From: U.S. Department of Justice [mailto:firstname.lastname@example.org]
Sent: Monday, May 16, 2016 4:47 PM
To: Subject: OSC Electronic Charge Form
The Office of Special Counsel for Immigration-Related Unfair Employment Practices (OSC) is pleased to announce that members of the public can now complete and submit charge forms online through OSC’s website, in addition to the methods currently available (mail, fax, or email).
At this time, we are rolling out the electronic charge form in English and Spanish, and will be adding additional languages in the near future.
If you have any questions or if you suspect employment discrimination, we encourage you to contact OSC’s worker hotline at 1-800-255-7688 (Mon – Fri, 9am-5pm EST), or 1-800-237- 2515 (TTY for hearing impaired).
LOS ANGELES – A former official with U.S. Customs and Border Protection (CBP), who went on to operate an immigration consulting service, has been sentenced to 37 months in federal prison for participating in a scheme to pay bribes to other government employees to obtain “green cards” and citizenship for immigrants.
George Wu, 63, of Pico Rivera, who worked as a CBP officer until early 2012, and then operated Great Eastern Immigration Services, was sentenced late Thursday by U.S. District Judge Michael W. Fitzgerald. The case is the result of a probe by U.S. Immigration and Customs Enforcement’s Homeland Security Investigations (HSI) Office of Professional Responsibility (OPR) and the FBI.
Wu was found guilty in August 2015 of paying bribes in an effort to obtain citizenship and legal permanent resident status for several immigrants. A federal jury convicted Wu of conspiracy and five counts of bribery of a public official.
Wu, another immigration consultant named Michael Bui, and others solicited money from immigrants in exchange for help in obtaining benefits from U.S. Citizenship and Immigration Services (USCIS) that included lawful permanent residence and citizenship. Some of the money paid by the immigrants was used to pay bribes to public officials in exchange for granting immigration benefits.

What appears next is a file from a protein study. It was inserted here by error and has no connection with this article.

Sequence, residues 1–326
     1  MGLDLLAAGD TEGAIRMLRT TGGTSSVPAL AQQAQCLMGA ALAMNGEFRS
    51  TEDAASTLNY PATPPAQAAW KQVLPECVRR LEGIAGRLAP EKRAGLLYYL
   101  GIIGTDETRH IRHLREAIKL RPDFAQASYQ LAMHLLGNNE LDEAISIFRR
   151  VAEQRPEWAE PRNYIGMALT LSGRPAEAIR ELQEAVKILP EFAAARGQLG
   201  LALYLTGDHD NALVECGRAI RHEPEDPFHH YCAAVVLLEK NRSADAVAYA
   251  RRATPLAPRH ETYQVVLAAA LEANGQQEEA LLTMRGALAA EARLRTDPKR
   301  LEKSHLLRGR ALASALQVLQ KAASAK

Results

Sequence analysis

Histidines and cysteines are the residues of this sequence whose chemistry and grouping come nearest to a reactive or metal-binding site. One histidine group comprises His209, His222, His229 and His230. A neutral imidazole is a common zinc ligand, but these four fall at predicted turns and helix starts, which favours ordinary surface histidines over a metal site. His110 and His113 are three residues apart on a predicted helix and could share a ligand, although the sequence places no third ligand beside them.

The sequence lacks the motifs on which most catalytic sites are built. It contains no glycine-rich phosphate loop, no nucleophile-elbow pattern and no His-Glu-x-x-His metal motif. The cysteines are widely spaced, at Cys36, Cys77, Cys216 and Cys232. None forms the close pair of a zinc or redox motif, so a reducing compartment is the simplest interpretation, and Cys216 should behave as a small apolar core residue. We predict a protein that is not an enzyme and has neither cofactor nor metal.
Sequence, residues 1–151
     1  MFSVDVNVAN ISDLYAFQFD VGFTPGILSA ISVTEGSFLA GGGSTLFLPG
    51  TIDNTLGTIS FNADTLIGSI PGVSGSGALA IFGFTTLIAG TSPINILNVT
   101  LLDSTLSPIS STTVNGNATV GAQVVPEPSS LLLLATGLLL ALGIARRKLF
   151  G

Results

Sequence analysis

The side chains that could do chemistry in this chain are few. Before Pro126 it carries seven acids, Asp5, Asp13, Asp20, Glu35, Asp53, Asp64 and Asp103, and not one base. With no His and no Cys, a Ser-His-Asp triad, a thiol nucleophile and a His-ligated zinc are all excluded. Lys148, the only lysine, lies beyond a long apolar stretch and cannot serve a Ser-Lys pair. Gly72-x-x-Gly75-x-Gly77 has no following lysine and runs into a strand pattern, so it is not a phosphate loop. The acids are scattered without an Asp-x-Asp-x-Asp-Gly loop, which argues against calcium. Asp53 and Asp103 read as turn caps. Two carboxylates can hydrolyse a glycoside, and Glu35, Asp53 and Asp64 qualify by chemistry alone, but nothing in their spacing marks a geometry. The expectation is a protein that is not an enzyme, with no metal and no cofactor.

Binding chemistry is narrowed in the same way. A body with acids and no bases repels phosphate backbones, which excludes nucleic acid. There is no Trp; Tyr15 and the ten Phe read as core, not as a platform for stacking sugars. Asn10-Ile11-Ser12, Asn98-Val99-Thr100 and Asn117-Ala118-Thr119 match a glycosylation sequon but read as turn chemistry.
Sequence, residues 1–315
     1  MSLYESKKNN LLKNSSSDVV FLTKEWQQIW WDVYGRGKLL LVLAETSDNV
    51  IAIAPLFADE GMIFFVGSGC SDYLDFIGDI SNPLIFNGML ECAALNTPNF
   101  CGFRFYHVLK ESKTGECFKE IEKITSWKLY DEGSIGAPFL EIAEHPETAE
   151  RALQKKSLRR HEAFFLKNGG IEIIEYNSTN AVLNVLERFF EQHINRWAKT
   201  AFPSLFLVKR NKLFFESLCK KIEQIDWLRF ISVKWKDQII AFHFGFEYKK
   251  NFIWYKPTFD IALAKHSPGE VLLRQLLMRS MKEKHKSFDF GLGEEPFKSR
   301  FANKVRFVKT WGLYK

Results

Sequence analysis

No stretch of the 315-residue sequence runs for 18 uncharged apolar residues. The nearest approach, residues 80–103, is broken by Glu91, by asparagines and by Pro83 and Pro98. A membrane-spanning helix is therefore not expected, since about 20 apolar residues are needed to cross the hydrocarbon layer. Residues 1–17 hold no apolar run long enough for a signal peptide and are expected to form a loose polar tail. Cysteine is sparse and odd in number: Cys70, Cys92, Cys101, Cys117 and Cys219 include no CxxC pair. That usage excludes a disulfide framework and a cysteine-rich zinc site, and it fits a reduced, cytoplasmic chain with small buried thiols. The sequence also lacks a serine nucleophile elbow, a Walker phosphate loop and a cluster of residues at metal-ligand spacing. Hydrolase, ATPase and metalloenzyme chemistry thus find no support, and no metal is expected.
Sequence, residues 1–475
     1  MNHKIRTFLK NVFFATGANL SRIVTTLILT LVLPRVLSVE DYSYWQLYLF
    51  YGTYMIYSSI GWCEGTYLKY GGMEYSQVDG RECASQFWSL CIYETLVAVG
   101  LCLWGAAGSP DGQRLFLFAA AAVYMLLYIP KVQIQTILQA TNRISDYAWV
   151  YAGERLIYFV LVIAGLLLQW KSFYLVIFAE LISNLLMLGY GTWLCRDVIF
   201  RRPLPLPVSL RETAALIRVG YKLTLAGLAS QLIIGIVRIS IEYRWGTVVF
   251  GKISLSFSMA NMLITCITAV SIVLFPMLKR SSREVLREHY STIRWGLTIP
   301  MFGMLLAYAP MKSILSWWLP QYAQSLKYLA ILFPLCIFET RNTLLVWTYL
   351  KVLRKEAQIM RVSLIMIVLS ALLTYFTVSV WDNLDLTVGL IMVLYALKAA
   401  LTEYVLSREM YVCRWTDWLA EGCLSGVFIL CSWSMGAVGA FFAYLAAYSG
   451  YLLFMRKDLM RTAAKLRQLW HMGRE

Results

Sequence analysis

“This defendant attempted to corrupt our nation’s immigration system by offering bribes in exchange for benefits,” said United States Attorney Eileen M. Decker. “It is critical to our national security that our nation’s immigration system functions properly and free from corruption such as this defendant’s.”
During the trial, prosecutors presented evidence that Wu received and paid bribe money on behalf of immigrants. The overall conspiracy involved at least seven immigrants, one of whom was allowed to pass an English proficiency exam even though she could not speak English.
In the first case, an attorney who also works as an immigration consultant paid Wu $15,000, and Wu subsequently paid Bui $10,000, a portion of which was intended for bribery payments, to secure assistance with a citizenship application. In the second case, Wu paid the attorney a total of $15,000, again a portion of which was intended for bribes, for assistance in securing legal permanent resident status – commonly called a green card – for an immigrant. And in the third case, Wu paid a total of $3,000 to an official with USCIS – an official who was acting in an undercover capacity as part of the investigation – for help in obtaining a green card for an immigrant.
Bui pleaded guilty in May 2015 to conspiracy and bribery, and he was sentenced Thursday afternoon by Judge Fitzgerald to serve one year and one day in prison.
The investigation by HSI OPR and the FBI into corruption involving government officials and immigration consultants has resulted in charges against 11 defendants. Seven of those defendants – including Wu and Bui – have now been convicted, including:
- Attorney Kwang Man “John” Lee, who pleaded guilty in March to three counts of bribery and admitted, among other things, paying tens of thousands of bribes to a senior immigrations services officer with USCIS and arranging sham marriages to secure green cards for clients;
- James Dominguez, a former HSI special agent who pleaded guilty to making false statements to ICE investigators when he lied about accessing immigration files and providing information to an immigration lawyer; and
- Paul Lovingood, a former official with USCIS, who pleaded guilty to accepting an illegal gratuity from an immigration lawyer after adjudicating a petition for lawful permanent residence filed on behalf of one of the attorney’s clients.